Gonzalez B.D., Jim H.S.L., Donovan K.A., Small B.J., Sutton S.K., Park J., Lin H.-Y., Spiess P.E., Fishman M.N., Jacobsen P.B.
Journal of Urology 2015 194:3 (690-695)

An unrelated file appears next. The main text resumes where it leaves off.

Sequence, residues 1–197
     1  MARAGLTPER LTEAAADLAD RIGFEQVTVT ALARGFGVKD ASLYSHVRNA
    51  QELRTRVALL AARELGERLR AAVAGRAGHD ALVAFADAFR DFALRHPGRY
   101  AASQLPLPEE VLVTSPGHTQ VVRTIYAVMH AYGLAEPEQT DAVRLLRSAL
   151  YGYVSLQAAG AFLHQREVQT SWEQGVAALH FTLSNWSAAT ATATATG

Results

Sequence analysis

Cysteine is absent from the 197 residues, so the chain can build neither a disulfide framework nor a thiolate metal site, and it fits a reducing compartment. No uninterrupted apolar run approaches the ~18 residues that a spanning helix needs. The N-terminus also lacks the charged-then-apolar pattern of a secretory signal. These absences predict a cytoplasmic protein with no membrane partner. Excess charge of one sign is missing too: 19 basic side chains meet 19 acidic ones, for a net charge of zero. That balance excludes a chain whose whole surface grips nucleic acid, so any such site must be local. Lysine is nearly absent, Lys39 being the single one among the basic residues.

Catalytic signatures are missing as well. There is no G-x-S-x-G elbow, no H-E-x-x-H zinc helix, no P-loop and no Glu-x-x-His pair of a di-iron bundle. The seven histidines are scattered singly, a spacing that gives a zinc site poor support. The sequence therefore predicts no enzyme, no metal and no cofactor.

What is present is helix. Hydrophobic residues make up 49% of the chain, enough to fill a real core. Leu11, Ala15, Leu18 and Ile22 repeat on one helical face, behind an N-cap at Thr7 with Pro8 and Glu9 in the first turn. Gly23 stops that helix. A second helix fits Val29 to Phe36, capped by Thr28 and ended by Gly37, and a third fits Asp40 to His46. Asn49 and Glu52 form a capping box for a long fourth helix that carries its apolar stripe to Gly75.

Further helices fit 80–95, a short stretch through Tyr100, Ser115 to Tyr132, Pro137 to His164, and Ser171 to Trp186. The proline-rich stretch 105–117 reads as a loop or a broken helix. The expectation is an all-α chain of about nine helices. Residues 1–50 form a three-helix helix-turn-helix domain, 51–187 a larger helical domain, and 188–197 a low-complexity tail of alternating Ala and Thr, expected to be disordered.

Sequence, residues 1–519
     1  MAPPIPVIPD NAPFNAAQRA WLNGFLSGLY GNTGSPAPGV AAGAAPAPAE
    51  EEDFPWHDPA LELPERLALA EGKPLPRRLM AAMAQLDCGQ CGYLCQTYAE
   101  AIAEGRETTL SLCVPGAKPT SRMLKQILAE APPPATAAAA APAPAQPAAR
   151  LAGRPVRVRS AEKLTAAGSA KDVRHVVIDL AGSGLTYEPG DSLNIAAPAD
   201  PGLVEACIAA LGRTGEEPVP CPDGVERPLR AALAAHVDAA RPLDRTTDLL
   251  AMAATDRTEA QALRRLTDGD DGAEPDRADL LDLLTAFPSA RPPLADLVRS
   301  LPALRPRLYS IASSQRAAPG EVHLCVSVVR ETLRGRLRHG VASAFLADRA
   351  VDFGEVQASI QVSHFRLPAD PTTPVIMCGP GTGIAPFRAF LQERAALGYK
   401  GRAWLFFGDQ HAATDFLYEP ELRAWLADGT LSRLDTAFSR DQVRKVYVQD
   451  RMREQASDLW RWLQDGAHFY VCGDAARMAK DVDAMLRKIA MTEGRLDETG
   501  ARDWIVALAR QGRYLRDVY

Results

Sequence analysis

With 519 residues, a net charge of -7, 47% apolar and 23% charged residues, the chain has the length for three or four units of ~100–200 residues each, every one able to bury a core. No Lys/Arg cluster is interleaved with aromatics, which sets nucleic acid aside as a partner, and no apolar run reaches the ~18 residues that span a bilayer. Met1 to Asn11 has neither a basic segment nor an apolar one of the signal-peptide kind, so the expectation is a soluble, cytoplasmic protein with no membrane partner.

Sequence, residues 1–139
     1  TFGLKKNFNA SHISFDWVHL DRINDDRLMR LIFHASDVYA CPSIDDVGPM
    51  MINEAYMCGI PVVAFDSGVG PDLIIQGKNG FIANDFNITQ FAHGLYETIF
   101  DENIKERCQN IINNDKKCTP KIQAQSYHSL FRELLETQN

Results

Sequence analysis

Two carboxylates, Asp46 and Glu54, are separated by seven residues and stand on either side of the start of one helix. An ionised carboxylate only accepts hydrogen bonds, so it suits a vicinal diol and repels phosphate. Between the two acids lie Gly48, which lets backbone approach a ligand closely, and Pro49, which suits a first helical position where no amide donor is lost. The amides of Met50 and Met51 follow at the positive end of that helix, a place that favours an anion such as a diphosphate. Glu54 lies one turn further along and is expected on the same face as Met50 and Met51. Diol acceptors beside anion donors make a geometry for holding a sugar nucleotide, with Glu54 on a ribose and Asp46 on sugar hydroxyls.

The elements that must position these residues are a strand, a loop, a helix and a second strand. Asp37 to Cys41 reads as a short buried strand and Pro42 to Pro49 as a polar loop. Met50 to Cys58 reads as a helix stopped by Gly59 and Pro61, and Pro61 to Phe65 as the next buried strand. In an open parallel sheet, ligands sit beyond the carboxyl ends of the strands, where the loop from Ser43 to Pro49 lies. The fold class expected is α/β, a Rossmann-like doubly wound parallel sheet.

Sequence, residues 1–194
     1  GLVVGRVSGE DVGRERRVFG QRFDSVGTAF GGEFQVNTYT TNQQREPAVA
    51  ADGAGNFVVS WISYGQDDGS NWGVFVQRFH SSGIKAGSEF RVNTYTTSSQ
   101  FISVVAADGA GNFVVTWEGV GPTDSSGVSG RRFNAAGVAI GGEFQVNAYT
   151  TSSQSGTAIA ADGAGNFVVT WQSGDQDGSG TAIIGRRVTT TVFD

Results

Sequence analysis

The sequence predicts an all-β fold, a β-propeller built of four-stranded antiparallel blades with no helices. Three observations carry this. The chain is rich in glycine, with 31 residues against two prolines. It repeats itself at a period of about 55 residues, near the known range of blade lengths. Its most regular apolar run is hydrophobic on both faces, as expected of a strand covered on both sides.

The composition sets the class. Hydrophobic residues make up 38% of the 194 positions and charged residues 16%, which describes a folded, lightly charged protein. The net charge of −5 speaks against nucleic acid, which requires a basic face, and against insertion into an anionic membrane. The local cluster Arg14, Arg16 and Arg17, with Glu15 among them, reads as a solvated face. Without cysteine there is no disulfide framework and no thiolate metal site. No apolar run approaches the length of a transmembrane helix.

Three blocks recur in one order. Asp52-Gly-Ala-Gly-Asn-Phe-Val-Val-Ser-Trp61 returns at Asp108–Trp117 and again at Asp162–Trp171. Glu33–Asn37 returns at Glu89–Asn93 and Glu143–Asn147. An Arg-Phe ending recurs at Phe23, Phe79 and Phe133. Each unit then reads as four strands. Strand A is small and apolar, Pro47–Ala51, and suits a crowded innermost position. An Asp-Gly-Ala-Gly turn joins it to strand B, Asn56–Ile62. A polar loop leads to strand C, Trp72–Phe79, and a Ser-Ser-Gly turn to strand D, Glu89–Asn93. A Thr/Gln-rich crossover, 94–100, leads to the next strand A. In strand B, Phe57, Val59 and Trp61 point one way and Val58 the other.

Purpose Many men receiving androgen deprivation therapy for prostate cancer experience hot flashes. This study aimed to describe the course of hot flash interference with time in androgen deprivation therapy recipients relative to matched prostate cancer and cancer-free controls from before the start of androgen deprivation therapy to 12 months later. We also examined demographic, clinical and genetic predictors of the impact of androgen deprivation therapy on hot flash interference. Materials and Methods Three groups were examined, including 60 patients with prostate cancer recruited before or within 21 days of starting androgen deprivation therapy, 83 age and education matched patients with prostate cancer treated with prostatectomy only, and 86 age and education matched men with no history of cancer. Participants provided blood samples and completed the Hot Flash Related Daily Interference Scale at baseline as well as 6 and 12 months later. Results Androgen deprivation therapy recipients reported increasing hot flash interference with time relative to controls (p <0.001). Group differences were evident at 6 and 12 months (all p <0.001) with androgen deprivation therapy recipients reporting greater hot flash interference than controls. Several genetic polymorphisms were found to predict greater increases in hot flash interference (all p <0.01), including polymorphisms on genes associated with vasoconstriction, immune function, neurotransmission and circadian rhythms. Androgen deprivation therapy recipients who were younger and had a lower body mass index at baseline also showed greater increases in hot flash interference with time (all p ?0.01). Conclusions This study, which is to our knowledge the first to prospectively examine hot flash interference in androgen deprivation therapy recipients, reveals that those with certain genetic polymorphisms, younger age and lower body mass index had greater increases in hot flash interference with time relative to controls.